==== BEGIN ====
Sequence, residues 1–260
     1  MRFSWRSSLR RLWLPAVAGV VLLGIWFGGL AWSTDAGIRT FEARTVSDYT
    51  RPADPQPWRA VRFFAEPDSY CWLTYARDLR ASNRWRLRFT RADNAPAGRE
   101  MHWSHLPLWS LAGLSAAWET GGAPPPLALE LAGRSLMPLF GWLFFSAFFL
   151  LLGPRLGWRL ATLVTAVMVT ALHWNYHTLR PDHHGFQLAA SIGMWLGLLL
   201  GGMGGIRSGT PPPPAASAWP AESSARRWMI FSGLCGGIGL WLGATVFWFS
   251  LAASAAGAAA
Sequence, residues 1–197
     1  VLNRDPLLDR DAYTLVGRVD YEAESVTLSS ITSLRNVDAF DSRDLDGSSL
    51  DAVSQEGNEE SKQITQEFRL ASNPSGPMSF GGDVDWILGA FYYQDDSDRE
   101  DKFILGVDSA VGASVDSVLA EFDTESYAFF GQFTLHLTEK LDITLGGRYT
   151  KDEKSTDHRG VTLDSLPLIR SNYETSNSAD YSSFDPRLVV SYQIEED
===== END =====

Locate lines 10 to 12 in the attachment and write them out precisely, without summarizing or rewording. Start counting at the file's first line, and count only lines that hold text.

    51  DAVSQEGNEE SKQITQEFRL ASNPSGPMSF GGDVDWILGA FYYQDDSDRE
   101  DKFILGVDSA VGASVDSVLA EFDTESYAFF GQFTLHLTEK LDITLGGRYT
   151  KDEKSTDHRG VTLDSLPLIR SNYETSNSAD YSSFDPRLVV SYQIEED